“Influencer marketing” has a certain cachet these days; it’s the buzziest buzzword that ever buzzed. Everyone wants in on it. Brands want to know how to put it to use, while wannabe influencers want to capitalize on its popularity. But, what is it? And why does it matter? And how come it seems like it’s suddenly on the tip of everyone’s tongue?
The Cult of Personality
Influencer marketing is about tapping into the power of people – influencers, specifically – rather than relying on traditional marketing campaigns. Social media influencers are those who can affect the behavior and buying decisions of others. When you hear the term “influencer”, someone with the last name Kardashian likely springs to mind. And why wouldn’t it? Kim K. (who, by the way, charges between $300K and $500K for a single Instagram post) has built a whole empire on the premise of being the Queen of the Influencers.
Why are influencers so important? Because we like being reassured about our buying choices. We want influencers to tell us that whatever it is we’re spending our money on is worth it. It’s precisely for that reason that consumers want to know what products their favorite influencer is buying, eating, wearing, and using on a daily basis. This means they can have a powerful impact on the perceived desirability and value of a product or service, which in turn, can make or break your bottom line.
While influencer marketing clearly has a role in the B2C space, what about B2B? Getting an endorsement from a celebrity influencer, even if they are using your latest agile cloud-based, IoT-enabled big data widget, isn’t going to carry much weight with B2B decision-makers. The business crowd wants to hear the opinions of experts, respected practitioners, thought leaders, and content creators rather than someone who’s merely assembled a ginormous Instagram following (sorry, Kim). What’s really important is authenticity and transparency. Business buyers are looking to hear about the real-world experiences of someone who’s actually used your product or service.
Enter the micro-influencer.
Летний деловой сезон открыла ежегодная встреча руководителей и специалистов PR-агентств, которые входят в международную ассоциацию GlobalCom PR Network www.gcpr.net Масштабная конференция состоялась на греческом острове Крит и собрала более 50 профессионалов в сфере связей с общественностью из 30 стран мира. Это больше, чем годом ранее в Стамбуле, когда на встречу приехали 45 специалистов из 29 стран.
Ральф Хартманн, глава ассоциации GlobalComPR Network
As the unofficial “cruise director” for my family, I’ve planned everything from birthday parties to Disney World vacations – and yes, it involves a spreadsheet. How else are you going to coordinate our nearly 20-person clan? Needless to say I would classify myself as a planner. A good plan provides clarity, direction and alleviates a lot of stress and unknowns. Creating a plan is a great way to start any project – especially when you are thinking about launching a blog or refreshing an existing one.
You’ve heard about the benefits of starting a corporate blog – it can boost your organization’s search engine ranking (SEO), provide a platform to share your messages, establish your executives, partners and employees as industry leaders, support your social media initiatives, and so much more. While this all sounds great, it begs the question: Where do you begin?
Here are four building blocks to help you successfully architect and launch a blog.
Determine Your Goals
What are your goals for the blog? Before thinking about the what —the tactics and mechanics behind your blog—you really need to establish the why. These goals will help shape all your decisions moving forward—it is your foundation. Don’t rush this step; set aside some time to get them outlined upfront.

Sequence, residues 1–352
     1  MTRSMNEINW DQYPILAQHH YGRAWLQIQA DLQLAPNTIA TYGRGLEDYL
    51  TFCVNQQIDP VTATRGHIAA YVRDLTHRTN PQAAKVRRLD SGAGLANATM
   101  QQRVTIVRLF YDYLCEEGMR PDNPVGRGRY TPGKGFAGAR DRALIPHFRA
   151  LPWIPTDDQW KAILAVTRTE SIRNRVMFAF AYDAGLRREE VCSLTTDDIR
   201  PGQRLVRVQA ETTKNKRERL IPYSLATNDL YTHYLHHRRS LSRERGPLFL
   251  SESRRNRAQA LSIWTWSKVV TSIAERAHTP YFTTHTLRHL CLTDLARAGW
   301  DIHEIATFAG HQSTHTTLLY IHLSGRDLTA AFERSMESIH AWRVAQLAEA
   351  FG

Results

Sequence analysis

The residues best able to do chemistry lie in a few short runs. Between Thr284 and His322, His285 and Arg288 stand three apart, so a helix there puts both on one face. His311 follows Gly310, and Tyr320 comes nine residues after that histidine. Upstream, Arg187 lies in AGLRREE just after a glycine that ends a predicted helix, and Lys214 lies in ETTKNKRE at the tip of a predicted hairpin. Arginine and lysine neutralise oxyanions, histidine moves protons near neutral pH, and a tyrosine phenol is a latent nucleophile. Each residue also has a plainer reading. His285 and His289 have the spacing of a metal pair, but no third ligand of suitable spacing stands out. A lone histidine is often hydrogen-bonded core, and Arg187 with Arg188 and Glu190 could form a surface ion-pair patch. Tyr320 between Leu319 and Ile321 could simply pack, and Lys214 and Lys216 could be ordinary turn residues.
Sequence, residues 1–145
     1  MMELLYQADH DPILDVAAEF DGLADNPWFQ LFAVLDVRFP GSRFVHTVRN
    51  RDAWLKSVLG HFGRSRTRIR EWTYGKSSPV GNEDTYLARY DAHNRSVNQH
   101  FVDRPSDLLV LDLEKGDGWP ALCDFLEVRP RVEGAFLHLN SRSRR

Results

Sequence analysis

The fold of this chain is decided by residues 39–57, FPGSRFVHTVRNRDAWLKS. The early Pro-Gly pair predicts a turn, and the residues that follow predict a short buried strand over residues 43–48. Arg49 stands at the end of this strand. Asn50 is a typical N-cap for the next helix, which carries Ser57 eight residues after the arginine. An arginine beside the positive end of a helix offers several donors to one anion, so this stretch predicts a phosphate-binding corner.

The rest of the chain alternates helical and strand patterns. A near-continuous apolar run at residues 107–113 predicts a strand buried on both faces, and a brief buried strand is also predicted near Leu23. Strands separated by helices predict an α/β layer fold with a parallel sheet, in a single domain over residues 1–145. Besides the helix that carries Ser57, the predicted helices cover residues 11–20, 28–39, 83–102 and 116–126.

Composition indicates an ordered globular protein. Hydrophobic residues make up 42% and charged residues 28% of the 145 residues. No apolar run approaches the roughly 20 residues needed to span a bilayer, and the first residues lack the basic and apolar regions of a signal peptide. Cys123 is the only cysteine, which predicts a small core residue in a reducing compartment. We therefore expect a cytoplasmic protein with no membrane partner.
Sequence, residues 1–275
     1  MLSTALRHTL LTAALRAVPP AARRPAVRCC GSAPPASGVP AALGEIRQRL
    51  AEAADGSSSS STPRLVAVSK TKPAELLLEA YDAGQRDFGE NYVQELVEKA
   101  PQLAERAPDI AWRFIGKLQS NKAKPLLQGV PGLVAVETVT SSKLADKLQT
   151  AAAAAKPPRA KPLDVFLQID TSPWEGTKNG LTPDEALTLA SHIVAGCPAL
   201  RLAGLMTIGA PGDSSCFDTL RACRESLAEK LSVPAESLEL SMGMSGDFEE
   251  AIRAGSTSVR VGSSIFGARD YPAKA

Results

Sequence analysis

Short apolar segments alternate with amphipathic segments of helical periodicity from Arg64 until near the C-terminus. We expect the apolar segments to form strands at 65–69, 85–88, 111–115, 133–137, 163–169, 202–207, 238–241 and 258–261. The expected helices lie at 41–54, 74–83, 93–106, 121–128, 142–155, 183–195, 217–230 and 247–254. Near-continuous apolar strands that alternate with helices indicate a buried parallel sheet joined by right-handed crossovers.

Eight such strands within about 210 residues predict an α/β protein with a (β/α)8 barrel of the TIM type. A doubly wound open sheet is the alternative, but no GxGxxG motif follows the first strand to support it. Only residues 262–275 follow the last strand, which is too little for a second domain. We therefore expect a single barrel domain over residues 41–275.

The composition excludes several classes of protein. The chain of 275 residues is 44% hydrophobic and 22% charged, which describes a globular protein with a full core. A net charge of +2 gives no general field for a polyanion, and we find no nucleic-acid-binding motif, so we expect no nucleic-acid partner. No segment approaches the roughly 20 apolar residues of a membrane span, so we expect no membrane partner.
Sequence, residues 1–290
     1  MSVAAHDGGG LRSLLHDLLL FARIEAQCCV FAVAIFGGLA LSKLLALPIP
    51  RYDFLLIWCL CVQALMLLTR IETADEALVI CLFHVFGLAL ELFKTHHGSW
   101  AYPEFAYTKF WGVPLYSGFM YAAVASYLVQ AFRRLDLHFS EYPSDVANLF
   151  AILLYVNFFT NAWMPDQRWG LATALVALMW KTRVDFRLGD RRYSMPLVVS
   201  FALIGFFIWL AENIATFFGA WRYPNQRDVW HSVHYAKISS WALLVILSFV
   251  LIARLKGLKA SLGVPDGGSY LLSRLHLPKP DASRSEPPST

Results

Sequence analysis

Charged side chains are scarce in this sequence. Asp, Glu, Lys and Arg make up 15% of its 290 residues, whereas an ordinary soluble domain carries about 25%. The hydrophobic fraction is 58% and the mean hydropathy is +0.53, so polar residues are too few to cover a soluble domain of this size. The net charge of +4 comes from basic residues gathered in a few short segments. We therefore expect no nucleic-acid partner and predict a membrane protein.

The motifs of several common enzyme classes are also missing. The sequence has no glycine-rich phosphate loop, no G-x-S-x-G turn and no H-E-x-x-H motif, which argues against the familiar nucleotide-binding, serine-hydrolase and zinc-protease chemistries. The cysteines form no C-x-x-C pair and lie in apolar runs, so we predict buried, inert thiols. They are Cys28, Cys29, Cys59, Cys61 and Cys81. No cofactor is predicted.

Lars Voedisch (centre), surrounded by PRecious employees, celebrating seven PRecious years with a groovy 70s themed party
50 PEOPLE, 5 OFFICES, 3 PRACTICES: PRECIOUS COMMUNICATIONS
LOOKS FORWARD TO ANOTHER 7 TO 70 YEARS
No signs of the seven year itch from this boutique-turned- integrated communications agency
SINGAPORE, 7 AUGUST 2019 – PRecious Communications, a multi-award winning integrated communications agency, celebrated its seventh anniversary alongside #FriendsofPRecious who have been supporting the company through the years, including alumni, friends, as well as clients both past and present.
From humble beginnings in 2012, the agency was just a one-person show with no formal office. In just seven short years, PRecious Communications has since grown into an integrated communications agency that employees 50 people, spread across its offices in Singapore, Australia, Indonesia, Malaysia, and Thailand.
Public relations and marketing communications strategy in 2018 were defined by the demand for content and integrated communications. The conversations during the beginning of 2019 were around the rise of artificial intelligence in communications and the lack of public trust in the media due to fake news. The midway point of the year represents an opportunity for business leaders and public relations professionals to re-evaluate their communications strategy by understanding the key trends that have defined the field in the early part of 2019.
In Vietnam, social media has become one of the most popular communication platforms. Despite the powerful effect of social media in conditioning a crisis, and the trend to integrate social media into crisis management strategies in many countries, Vietnamese companies have often ignored or underutilized these channels.
As part of my doctoral dissertation, I seek to compare the perception of social media in crisis communication in Vietnam to that in the U.S. As America has always been considered a role model and main influencer for Vietnam’s PR practice, the comparison can help understand the underlying factors contributed to that perception. I interviewed 12 Vietnamese practitioners and 8 American practitioners who have two to 25 years experience working in the PR industry in their respective countries.